U.S. President Donald Trump said he intends to pull the U.S. out of a landmark 1987 treaty with Russia that rolled back ground-launched intermediate-range missiles in and aimed at Western Europe. The U.S. says Russia has violated the treaty, a charge Russia denies and turns back on the U.S. The Trump administration is poised to suspend the deal, called the Intermediate-Range Nuclear Forces treaty, as soon as Feb. 2. Its termination could revive the nuclear arms race in Europe and spur one in Asia.
1. What is the INF treaty?
The treaty, signed in December 1987 by U.S. President Ronald Reagan and Soviet leader Mikhail Gorbachev, was a high point for superpower arms-control efforts. It was preceded by a spiraling arms race: In response to Soviet deployments of SS-20 intermediate-range nuclear missiles that could strike Western Europe in the late 1970s, the U.S. put missiles of its own in West Germany, Italy and the U.K. After years of unproductive talks between the two sides on limiting the weapons, Reagan and Gorbachev reached agreement to eliminate them entirely. The INF treaty, which has no expiration date, called for both sides to destroy and never deploy again ground-based ballistic and cruise missiles with a range of 500-5,500 kilometers (300-3,500 miles), either nuclear or conventional. The pact allows similar weapons fired from ships or aircraft. A total of 2,692 missiles were destroyed by 1991 under the treaty, according to the U.S. State Department.
2. Why does Trump want to pull out?
The U.S. says the Russians haven’t been following the rules. The U.S. alleged in 2014 that Russia had tested a weapon, the 9M729 ground-launched cruise missile, at a range that fell under the treaty. In 2017, the U.S. said Russia had deployed that weapon. Then last October, NATO declared that Russia was in violation of the treaty. U.S. Secretary of State Michael Pompeo in early December said the U.S. was giving Russia until Feb. 2 to get back in compliance. Trump’s national security adviser John Bolton has called the INF treaty outdated and said it doesn’t address the rising threat from China, whose deployment of intermediate-range missiles is not bound by the accord.
3. What does Russia say?
Russia has said the relevant missile was never tested at distances banned under the agreement and has called on the U.S. to show proof of a violation. Russia also has accused the U.S. of breaching the treaty with its missile-defense systems in Europe, a charge Washington rejects.
4. What would happen without the treaty?
If the U.S. pulls out, Russia could go ahead with further deployment of the missiles that allegedly violate the treaty. The U.S. is already developing a weapon of its own to counter it, raising the possibility of a repeat of the Cold War-era arms race in Europe. The demise of the treaty would also free the U.S. to deploy mid-range nuclear weapons to counter China’s deployment of such arms, potentially escalating tensions in Asia. Trump has said that in general the U.S. “must greatly strengthen and expand its nuclear capability.”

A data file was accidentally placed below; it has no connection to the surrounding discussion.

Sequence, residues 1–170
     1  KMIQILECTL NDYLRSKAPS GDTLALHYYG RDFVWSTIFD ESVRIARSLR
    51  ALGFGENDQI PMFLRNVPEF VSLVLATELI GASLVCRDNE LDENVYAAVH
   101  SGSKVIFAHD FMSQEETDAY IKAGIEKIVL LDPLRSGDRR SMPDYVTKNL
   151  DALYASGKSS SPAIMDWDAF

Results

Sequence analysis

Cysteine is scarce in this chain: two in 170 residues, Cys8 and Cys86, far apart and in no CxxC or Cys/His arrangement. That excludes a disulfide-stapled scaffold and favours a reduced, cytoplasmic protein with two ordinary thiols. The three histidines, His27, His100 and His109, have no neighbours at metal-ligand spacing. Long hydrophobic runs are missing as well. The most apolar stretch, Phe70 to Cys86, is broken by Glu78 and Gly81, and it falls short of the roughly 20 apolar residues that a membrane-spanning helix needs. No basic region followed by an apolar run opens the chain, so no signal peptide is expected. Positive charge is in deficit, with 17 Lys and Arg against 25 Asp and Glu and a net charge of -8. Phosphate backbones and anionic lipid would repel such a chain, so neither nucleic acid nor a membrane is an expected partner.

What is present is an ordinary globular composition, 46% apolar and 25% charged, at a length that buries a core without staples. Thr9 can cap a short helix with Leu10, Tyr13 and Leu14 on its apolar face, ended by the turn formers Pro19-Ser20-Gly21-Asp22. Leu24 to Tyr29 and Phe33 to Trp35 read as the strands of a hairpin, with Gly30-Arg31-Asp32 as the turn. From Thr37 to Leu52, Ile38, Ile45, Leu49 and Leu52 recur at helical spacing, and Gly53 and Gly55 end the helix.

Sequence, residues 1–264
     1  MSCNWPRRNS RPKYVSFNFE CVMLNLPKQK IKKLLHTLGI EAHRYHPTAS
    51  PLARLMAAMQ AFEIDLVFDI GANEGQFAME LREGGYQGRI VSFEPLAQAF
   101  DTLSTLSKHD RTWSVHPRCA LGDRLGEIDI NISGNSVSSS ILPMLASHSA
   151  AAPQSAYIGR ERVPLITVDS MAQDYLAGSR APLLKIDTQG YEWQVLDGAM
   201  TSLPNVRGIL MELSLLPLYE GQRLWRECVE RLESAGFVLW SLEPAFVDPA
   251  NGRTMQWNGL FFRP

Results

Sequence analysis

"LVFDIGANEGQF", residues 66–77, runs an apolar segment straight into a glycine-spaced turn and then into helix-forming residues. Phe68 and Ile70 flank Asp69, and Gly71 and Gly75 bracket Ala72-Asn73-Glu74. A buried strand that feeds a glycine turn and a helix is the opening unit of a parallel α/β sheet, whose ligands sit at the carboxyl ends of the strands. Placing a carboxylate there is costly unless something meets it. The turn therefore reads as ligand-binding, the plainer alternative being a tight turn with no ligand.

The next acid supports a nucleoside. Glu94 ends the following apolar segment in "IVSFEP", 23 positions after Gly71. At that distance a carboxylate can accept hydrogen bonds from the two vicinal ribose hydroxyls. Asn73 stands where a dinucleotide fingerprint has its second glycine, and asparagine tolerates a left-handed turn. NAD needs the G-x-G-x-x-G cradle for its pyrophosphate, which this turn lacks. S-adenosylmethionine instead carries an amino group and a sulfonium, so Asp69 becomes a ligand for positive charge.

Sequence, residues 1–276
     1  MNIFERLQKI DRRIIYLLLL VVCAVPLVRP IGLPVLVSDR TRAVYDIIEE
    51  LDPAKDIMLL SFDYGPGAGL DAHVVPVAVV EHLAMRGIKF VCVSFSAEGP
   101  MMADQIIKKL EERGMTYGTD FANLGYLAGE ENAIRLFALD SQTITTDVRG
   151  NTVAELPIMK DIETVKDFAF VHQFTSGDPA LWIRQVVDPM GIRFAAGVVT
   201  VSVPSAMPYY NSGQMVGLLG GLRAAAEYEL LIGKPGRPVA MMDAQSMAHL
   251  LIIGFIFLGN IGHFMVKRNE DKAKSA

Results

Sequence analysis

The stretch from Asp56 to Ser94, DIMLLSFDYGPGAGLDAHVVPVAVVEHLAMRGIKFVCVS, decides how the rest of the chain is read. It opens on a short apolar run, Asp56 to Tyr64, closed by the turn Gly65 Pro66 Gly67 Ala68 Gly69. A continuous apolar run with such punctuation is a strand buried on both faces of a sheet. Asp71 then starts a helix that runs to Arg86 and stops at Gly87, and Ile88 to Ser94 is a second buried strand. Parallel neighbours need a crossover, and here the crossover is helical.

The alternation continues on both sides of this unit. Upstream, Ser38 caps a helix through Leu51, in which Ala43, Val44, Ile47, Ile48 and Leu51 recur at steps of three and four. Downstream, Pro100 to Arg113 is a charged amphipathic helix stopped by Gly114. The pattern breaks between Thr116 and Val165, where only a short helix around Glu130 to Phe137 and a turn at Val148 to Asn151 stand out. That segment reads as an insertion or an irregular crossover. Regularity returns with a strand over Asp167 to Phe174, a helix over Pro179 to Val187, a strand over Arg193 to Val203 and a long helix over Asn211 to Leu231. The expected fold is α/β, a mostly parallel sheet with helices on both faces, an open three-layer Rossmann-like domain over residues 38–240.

5. How have other countries responded?
Trump’s threat to withdraw has caused jitters in Germany, a country that would be ground zero in a nuclear war in Europe and was at the front line of superpower confrontation during the Cold War. French President Emmanuel Macron said he has stressed to Trump the “importance of this treaty for the European security and its strategic balance.” China, wary of a new U.S. weapons buildup, said a pullout would have “multiple negative effects.”
6. Could diplomacy still save the pact?
The U.S. and Russia have had several rounds of discussions on the alleged violations since at least 2014, but without progress. Trump has said he would consider a new pact that included China, but officials there have shown no desire to join a treaty that would ban a large part of their nuclear arsenal. In the event the U.S. quits the treaty altogether, the six months required notice could allow time for diplomacy to save the deal, according to North Atlantic Treaty Organization chief Jens Stoltenberg.
7. Are other major arms-control deals under threat?
If the U.S. pulls out of the INF treaty, the only remaining pact regulating the world’s two biggest nuclear arsenals would be an agreement that expires in 2021. New START, signed in 2010 by then-Presidents Barack Obama and Dmitry Medvedev, sets limits on overall totals for nuclear weapons for each side. The treaty can be extended for five years if both sides agree. No talks have begun on prolonging the deal.